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days, was the light of the sense; the last Essay V.-OF ADVERSITY was the light of reason; and his sabbath work, ever since, is the illumination of (60 It was an high speech of Seneca (after his Spirit. First he breathed light upon the manner of the Stoics): That the good the face of the matter or chaos; then he things which belong to prosperity are to be breathed light into the face of man; and wished; but the good things that belong to still he breatheth and inspireth light into adversity are to be admired. Bona rerum the face of his chosen. The poet that secundarum optabilia, adversarum mirabeautified the sect that was otherwise bilia. Certainly if miracles be the cominferior to the rest, saith yet excellently mand over nature, they appear most in well: It is a pleasure to stand upon the adversity. It is yet a higher speech of shore, and to see ships tossed upon the sea: a his than the other (much too high for (10 pleasure to stand in the window of a [70 a heathen): It is true greatness to have in castle, and to see a battle and the adventures one the frailty of a man, and the security thereof below: but no pleasure is comparable of a God. Vere magnum, habere fragilitato the standing upon the vantage ground tem hominis, securitatem Dei. This would of Truth (a hill not to be commanded, and have done better in poesy, where tranwhere the air is always clear and serene), scendences are more allowed. And the and to see the errors, and wanderings, and poets indeed have been busy with it; for mists, and tempests, in the vale below: so it is in effect the thing which is figured in always that this prospect be with pity, that strange fiction of the ancient poets, and not with swelling or pride. Certainly, which seemeth not to be without mys- (20 it is heaven upon earth, to have a man's (80 tery; nay, and to have some approach to mind move in charity, rest in providence, the state of a Christian: that Hercules, and turn upon the poles of truth.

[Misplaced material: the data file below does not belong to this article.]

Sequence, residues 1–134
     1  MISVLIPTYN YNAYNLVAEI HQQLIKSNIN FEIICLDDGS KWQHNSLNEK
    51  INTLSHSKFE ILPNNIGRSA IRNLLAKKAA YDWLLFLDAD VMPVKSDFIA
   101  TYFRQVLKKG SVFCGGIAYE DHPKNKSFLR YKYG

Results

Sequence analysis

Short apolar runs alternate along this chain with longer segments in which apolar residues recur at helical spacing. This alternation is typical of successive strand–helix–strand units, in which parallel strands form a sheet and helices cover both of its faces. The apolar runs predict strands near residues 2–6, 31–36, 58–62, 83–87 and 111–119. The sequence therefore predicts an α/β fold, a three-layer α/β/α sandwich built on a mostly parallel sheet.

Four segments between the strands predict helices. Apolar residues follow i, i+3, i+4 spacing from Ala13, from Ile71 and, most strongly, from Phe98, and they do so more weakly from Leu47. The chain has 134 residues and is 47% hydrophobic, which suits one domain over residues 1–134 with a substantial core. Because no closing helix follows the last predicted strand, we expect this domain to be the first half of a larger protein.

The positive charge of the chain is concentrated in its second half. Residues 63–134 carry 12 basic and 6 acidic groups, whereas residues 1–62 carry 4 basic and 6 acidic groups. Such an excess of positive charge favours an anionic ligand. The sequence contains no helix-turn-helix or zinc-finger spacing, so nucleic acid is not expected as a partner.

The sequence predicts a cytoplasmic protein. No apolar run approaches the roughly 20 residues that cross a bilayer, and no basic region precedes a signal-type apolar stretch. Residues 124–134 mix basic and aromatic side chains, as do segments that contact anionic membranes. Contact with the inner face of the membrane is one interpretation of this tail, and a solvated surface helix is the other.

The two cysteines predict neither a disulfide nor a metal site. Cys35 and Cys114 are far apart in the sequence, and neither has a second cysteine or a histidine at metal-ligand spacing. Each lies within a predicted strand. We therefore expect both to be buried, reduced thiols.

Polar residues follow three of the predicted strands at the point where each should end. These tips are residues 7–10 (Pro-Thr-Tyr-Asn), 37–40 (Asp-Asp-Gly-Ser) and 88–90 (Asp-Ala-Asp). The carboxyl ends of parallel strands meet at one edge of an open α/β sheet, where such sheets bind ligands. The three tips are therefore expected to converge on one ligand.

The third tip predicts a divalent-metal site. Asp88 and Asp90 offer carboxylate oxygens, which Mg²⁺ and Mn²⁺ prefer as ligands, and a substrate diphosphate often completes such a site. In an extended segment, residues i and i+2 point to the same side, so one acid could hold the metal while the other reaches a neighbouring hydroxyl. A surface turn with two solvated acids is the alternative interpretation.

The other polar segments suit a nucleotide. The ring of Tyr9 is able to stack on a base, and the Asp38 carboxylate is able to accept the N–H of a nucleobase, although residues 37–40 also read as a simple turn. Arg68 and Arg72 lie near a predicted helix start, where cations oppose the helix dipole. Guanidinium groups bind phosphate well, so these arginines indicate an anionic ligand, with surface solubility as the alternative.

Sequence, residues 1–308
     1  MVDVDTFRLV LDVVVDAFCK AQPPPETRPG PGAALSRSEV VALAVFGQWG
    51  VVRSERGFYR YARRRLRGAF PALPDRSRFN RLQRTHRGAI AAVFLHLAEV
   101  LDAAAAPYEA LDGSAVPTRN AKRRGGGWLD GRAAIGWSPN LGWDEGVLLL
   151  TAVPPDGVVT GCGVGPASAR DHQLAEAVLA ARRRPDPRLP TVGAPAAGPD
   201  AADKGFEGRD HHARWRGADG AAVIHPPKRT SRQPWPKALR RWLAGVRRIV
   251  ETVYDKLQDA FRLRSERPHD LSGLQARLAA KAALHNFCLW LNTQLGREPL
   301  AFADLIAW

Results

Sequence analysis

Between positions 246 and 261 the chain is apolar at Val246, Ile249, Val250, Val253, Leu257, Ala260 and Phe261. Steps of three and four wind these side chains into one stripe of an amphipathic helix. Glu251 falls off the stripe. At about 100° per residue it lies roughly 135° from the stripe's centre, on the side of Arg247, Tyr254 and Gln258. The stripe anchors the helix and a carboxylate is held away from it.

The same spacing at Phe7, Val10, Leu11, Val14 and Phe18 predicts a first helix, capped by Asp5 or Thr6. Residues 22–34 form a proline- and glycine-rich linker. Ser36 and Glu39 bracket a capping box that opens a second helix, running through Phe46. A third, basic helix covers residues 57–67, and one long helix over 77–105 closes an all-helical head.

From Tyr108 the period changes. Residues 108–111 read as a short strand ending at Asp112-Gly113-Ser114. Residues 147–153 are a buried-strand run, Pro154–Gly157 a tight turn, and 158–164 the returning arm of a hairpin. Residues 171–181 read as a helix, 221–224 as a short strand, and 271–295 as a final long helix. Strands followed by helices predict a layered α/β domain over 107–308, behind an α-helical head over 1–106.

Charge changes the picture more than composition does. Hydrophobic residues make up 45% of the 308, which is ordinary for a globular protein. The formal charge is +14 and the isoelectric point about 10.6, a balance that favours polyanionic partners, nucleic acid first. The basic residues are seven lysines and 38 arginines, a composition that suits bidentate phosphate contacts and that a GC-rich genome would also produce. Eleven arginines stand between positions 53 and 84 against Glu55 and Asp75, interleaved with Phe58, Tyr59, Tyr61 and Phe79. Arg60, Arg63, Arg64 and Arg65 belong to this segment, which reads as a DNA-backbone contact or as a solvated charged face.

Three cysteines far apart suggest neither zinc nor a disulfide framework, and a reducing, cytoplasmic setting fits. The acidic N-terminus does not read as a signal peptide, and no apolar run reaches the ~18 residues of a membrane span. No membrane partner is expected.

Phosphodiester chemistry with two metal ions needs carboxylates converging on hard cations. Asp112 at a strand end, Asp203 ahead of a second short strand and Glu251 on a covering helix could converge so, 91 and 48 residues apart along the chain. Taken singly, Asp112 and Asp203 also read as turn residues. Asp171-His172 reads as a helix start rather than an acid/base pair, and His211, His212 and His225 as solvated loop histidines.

when he went to unbind Prometheus (by To pass from theological and philosoph- whom human nature is represented), ical truth, to the truth of civil business: sailed the length of the great ocean in an it will be acknowledged, even by those earthen pot or pitcher: lively describing that practise it not, that clear and round Christian resolution, that saileth in the dealing is the honor of man's nature; and frail bark of the flesh through the waves that mixture of falsehood is like alloy in of the world. But to speak in a mean. coin of gold and silver; which may make The virtue of prosperity is temperance; (30 the metal work the better, but it em- (90 the virtue of adversity is fortitude, which baseth it. For these winding and crooked in morals is the more heroical virtue. courses are the goings of the serpent; Prosperity is the blessing of the Old Teswhich goeth basely upon the belly, and tament; adversity is the blessing of the not upon the feet. There is no vice that New, which carrieth the greater benedicdoth so cover a man with shame as to be tion, and the clearer revelation of God's found false and perfidious. And therefore favor. Yet even in the Old Testament, Montaigne saith prettily, when he in- if you listen to David's harp, you shall quired the reason, why the word of the hear as many hearse-like airs as carols; lie should be such a disgrace and such and the pencil of the Holy Ghost hath (40 an odious charge? Saith he, If it be (100 labored more in describing the afflictions well weighed, to say that a man lieth, is as of Job than the felicities of Salomon. much to say as that he is brave towards God Prosperity is not without many fears and and a coward towards men. For a lie faces distastes; and adversity is not without God, and shrinks from man. Surely the comforts and hopes. We see in needlewickedness of falsehood and breach of works and embroideries, it is more pleasfaith cannot possibly be so highly ex- ing to have a lively work upon a sad and pressed, as in that it shall be the last peal solemn ground, than to have a dark and to call the judgments of God upon the melancholy work upon a lightsome ground: generations of men; it being foretold, judge therefore of the pleasure of the 150 that when Christ cometh, he shall not (110 heart by the pleasure of the eye. Cerfind faith upon the earth.